A Yorkshire Hanging- Execution Day was a Big, Rowdy Event

Updated: Apr 16

In 17th Century Yorkshire, there were over two hundred capital offences that could lead to the death sentence, many of them no more than petty theft. The popularity of using the noose to dispense with those who engaged in these crimes was at its peak.

If an adult was found stealing goods worth more than thirteen and a half shillings (£70 or a week’s wages), then there was a good possibility that they would end up visiting the gallows at Tyburn in York. A child aged between 7-14 with strong evidence of wrongdoing could also be subject to such a penalty depending on the decision of the magistrate at the Court of Assizes.

The Tyburn site was used by the Crown's justice, administered at York Castle. Its gallows consisted of a wooden triangle standing on three wooden pillars - known as the 'Three-Legged Mare'. The location was the scene of executions for more than 400 years and today is now marked by a plaque at the site.

Execution day was a big, rowdy event - criminals were a spectacle as they were driven from York Castle Prison to the gallows, sitting on top of their coffins with the noose around their necks. Special newspapers were printed to inform spectators of the names and crimes of those to be hanged and usually a large crowd would attend which would block the road leading to York. From 1830 until 1862 executions were conducted on a Saturday to allow more people to attend. Finally, the gallows were moved to York Castle itself to free up one of the major roads into the city.

In 1861 the Criminal Law Consolidation Act was passed by Parliament reducing the number of crimes for which the gallows could be used. These included arson in a royal dockyard, treason, piracy and murder.

Prior to this, hanging was carried out using the short drop method where death occurred by strangulation and not by the snapping of the neck as is believed. The law stated that the person found guilty should be hanged by the neck ‘until dead’ but often this was not an instantaneous ending. Hanging by strangulation is not immediate and in some cases the victim could be twitching and kicking for two or three minutes, sometimes longer.

In the early 1800’s the method of hanging came under scrutiny and it was believed that the ‘long drop method’ was a more humane way of carrying out the act. Rather than a long period of suffering, it was hoped that the long drop method would cause instantaneous snapping of the vertebrae in the neck, but at times this came with its own set of problems. Such as the one hour and eleven minutes it took for Canadian Antonio Sprecage to die in 1919 or the hanging of a man by the name of Goodale whose head was ripped completely from his body.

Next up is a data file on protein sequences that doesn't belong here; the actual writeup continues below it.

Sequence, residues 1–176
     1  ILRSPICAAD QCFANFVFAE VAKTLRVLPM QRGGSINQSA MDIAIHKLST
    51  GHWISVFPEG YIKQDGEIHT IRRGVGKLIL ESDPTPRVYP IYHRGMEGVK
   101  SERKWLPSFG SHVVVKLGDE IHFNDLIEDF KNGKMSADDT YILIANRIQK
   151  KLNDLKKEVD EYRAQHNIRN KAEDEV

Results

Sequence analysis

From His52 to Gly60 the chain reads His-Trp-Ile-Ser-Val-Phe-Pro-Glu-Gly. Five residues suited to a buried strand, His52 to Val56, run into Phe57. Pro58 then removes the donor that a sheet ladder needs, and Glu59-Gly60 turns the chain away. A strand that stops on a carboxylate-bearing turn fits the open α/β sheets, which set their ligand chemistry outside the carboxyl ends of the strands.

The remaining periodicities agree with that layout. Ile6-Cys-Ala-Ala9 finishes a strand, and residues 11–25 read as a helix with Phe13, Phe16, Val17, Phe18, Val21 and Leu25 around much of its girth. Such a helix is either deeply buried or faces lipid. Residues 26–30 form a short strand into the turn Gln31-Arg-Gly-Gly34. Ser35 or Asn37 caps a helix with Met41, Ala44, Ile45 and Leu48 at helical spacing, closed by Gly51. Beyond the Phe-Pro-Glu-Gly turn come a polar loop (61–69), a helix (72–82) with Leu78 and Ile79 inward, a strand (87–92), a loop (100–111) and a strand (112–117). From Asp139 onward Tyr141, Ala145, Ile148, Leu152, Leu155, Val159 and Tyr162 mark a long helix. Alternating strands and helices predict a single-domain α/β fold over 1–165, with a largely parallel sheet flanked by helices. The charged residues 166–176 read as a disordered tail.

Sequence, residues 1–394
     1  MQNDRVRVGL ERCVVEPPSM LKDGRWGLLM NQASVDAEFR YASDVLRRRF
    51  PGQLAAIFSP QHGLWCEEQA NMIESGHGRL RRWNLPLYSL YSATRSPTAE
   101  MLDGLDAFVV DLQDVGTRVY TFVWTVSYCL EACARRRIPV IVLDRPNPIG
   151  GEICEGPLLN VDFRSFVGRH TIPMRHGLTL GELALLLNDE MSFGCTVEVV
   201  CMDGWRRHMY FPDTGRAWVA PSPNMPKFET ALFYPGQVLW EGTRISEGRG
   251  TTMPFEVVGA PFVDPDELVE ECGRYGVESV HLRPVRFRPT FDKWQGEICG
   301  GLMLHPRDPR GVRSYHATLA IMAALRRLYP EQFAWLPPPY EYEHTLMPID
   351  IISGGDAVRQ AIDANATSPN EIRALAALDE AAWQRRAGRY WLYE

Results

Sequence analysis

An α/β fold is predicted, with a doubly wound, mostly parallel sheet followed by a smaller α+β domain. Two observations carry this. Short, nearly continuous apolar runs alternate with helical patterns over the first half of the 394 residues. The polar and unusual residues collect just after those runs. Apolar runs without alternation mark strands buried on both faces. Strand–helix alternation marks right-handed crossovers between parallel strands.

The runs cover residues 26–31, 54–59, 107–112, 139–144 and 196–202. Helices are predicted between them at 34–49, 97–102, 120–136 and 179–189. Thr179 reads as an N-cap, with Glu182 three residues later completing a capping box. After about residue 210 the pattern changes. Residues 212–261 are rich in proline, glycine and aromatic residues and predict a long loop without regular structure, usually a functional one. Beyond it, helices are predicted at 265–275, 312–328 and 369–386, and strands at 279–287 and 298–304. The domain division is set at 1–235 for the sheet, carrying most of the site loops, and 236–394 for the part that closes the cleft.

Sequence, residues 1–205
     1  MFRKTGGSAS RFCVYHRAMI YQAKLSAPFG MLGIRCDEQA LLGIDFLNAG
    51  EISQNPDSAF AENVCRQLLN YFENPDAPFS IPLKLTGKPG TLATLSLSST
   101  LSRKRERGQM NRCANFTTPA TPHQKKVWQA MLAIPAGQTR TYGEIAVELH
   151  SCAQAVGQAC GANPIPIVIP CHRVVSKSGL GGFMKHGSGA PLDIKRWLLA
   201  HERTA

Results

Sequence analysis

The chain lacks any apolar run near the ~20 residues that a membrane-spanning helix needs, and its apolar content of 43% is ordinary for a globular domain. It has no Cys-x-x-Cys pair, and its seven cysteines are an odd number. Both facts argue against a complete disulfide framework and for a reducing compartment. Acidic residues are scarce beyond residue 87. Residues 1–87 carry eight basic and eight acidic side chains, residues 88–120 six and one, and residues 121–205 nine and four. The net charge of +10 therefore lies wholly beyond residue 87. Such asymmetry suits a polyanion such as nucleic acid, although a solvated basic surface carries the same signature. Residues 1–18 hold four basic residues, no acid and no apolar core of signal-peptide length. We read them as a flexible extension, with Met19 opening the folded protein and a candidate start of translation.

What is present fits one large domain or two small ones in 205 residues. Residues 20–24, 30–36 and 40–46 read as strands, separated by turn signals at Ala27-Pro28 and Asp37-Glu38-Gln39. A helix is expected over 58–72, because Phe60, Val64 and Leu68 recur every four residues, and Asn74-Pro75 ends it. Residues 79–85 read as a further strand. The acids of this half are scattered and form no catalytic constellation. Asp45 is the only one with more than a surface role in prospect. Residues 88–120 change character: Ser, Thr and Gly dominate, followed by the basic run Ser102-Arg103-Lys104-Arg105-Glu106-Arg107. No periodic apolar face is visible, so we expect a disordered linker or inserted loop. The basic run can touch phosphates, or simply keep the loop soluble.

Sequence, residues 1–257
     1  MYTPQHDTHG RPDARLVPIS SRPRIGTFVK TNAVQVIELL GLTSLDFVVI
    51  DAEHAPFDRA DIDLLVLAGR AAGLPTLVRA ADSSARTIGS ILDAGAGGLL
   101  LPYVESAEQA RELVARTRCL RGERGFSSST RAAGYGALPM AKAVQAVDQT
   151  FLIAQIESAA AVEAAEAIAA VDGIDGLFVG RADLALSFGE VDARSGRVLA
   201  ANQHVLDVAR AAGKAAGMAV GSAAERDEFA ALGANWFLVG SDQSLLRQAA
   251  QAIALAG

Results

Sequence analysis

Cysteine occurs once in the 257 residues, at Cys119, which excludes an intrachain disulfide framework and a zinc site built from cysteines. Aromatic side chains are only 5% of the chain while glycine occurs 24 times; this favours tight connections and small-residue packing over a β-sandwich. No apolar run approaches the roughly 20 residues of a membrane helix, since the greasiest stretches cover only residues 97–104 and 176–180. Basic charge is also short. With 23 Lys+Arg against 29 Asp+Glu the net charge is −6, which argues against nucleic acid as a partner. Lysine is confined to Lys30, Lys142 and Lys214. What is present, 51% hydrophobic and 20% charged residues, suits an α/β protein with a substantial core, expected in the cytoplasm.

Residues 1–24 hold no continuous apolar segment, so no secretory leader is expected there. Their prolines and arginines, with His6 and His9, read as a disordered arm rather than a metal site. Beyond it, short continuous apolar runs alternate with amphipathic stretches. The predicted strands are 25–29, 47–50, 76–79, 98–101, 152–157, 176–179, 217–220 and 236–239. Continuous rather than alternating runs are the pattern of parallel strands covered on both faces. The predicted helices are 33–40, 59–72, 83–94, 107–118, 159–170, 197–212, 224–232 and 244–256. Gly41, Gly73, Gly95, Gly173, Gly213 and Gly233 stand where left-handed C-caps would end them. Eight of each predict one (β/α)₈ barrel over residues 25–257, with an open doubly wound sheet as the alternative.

In 1885 John Lee was sentenced to hang and the attempt failed three times due to rain causing the planks in the trap door to swell and not open. John Lee’s execution was stalled and he ended up living a long life.

In Britain, it wasn’t until 1965 that hanging was suspended as the death penalty and a further four years before it was finally abolished; however, even after this hanging could still be used for treason, piracy with violence, arson in a royal dockyard and certain crimes under the jurisdiction of the armed forces. Finally, in 1999 all forms of the death penalty were no longer used in Britain after the ratification of the 6th protocol of the European Convention on Human Rights

Paul Rushworth-Brown is the author of three novels:

Skulduggery- An exciting, mysterious, fictional and historically accurate adventure pulls no punches about the life and hardships of peasant farmers living on the moors of Yorkshire in 1590.

"Was excellent reading . I intended to read it over the next week but once I started I could NOT put it down . Really enjoyed it !"

Winter of Red- Come on this historic journey, which twists, turns and surprises until the very end. If you like history, adventure and intrigue with a dash of spirited love, then you will be engrossed by this tale of a peasant family unexpectedly getting caught up in the ravages of the English Civil War in 1642.

"A fictional, historical novel about a loving peasant family caught up in a 1642 shocking Civil War. Humour, romance, adventure and excitement are here to enjoy. A great story.

"Dream of Courage- Soon to be released!

The much anticipated story of the Rushworth family and their journey out of poverty.

King Charles has been executed and England becomes a Republic under the leadership of Oliver Cromwell. Highwaymen, thief-takers, pirates and broggers tell

the story in this mysterious and bone chilling historical thriller.

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Times were tough in 1603, and there were shenanigans and skulduggery committed by locals and outsiders alike...

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Novels by Paul Rushworth-Brown


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